Rather than thinking of the here, now and immediate, I’ve learned to think of gratifying my children on a long-term basis. Almost nothing approaches tragedy to the minds of little children as the demise of a beloved toy. O what scenes of bereavement have played before my eyes for the loss of Ella Elephant, Popper-Pop Gun, the Merry-Go-Round jewelry box and DJ, Lizzie and Flo the CARS Cars. You’d think sackcloth and ashes were in order from all the hullabaloo!!! Everyone wailing over the arms that got twisted off the musical clown toy, and yet I can still go home and find the apple toy that all my siblings and I played with still fully functional and in one piece. Since there’s more quantity than quality in today’s toy market, I’ve learned to stop and consider what I really want before I buy in the first place. (Even in searching for images, I could find the apple toy all over the Internet, but I couldn’t find the clown anywhere.)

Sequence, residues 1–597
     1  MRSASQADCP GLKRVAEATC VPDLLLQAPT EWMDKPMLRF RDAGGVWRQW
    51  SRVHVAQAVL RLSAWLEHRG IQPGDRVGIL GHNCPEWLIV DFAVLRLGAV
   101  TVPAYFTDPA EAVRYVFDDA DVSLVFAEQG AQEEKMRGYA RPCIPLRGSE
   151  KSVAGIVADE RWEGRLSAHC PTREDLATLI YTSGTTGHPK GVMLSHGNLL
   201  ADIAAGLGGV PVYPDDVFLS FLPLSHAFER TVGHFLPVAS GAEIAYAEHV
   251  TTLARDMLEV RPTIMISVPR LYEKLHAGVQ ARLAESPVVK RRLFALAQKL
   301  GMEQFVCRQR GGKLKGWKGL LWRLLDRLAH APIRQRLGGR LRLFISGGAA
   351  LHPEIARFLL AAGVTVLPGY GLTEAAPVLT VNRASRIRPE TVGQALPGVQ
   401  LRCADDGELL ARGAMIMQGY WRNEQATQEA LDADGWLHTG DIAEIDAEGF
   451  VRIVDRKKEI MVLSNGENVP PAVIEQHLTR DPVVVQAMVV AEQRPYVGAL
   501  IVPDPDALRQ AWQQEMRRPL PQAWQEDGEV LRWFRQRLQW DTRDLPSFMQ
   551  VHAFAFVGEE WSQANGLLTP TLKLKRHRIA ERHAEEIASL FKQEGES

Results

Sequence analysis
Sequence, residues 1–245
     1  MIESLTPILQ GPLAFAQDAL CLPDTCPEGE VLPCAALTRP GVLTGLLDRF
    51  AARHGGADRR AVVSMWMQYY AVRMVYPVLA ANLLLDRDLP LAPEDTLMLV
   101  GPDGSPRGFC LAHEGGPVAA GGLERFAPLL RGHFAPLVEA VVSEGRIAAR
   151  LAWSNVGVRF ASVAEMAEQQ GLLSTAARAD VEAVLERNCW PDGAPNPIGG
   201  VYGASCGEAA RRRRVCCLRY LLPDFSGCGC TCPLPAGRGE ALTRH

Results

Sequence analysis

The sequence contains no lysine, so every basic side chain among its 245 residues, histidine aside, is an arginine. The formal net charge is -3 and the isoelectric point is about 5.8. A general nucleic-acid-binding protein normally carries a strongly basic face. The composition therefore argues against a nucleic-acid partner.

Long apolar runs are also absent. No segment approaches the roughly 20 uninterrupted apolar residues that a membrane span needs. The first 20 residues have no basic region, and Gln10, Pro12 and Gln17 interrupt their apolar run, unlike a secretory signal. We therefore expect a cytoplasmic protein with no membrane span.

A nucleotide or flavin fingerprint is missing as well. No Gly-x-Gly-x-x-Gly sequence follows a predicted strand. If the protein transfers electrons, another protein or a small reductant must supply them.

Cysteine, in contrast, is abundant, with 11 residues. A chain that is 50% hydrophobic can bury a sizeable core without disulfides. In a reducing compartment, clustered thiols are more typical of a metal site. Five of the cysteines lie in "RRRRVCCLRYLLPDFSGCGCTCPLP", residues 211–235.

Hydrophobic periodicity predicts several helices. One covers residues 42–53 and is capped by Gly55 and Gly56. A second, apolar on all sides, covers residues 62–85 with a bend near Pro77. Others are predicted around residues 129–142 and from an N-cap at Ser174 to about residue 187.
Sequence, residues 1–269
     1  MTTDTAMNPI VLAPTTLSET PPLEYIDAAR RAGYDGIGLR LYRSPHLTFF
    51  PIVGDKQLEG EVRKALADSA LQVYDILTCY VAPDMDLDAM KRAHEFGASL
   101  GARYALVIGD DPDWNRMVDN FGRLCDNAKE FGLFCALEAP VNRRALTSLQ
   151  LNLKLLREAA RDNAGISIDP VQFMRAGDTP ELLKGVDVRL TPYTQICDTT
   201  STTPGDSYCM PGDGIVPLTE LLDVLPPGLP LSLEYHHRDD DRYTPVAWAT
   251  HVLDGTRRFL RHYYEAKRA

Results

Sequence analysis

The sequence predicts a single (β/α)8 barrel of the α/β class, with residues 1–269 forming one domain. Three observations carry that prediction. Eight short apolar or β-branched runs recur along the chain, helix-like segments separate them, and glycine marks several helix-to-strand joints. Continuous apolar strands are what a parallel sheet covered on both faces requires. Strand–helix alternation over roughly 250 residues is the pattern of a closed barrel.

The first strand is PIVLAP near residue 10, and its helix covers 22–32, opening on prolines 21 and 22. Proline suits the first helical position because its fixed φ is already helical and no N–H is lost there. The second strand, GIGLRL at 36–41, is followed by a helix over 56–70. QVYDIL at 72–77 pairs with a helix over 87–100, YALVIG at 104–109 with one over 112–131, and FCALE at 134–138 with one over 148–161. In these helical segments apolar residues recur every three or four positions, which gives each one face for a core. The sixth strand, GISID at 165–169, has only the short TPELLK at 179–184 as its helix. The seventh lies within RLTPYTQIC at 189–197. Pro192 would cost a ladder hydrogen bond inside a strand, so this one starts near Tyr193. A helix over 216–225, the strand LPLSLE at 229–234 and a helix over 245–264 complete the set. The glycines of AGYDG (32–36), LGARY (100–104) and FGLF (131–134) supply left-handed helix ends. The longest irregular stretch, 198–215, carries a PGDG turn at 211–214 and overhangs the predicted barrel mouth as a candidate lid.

1. Consider buying wooden toys and puzzles instead of cardboard and plastic, so if they’re used as hockey pucks, teething rings or play food, they’ll still be around next week. Wood is a natural material and many of today’s better-made wooden toys have non-toxic finishes.  Sure beats China.

2. Avoid any stuffed animal that can not survive the dinner table, the mud puddle or the washing machine.   We especially like toys with long arms, legs, tails, trunks, etc because the children can tie them to swings, wagons, bike handles or whatever.   Do not allow favorite toys to leave the house unless you somehow have a duplicate… or are willing to never have them come back again.

3. I know the market is flooded with them, but from age 0 to 5, try not to buy battery-operated toys. Imagination, creativity and time spent with the toy all seem to decrease when the batteries do all this developmental work for them.  I’ve found this to be especially true for boys.  Educational toys are okay, but some of them still go distractingly overboard, in my opinion.  Avoid the colossal waste of time that is video games, thus sparing yourself a heckofalotta headaches later.  Your kids friends will be more than happy to share their Wii systems with your children.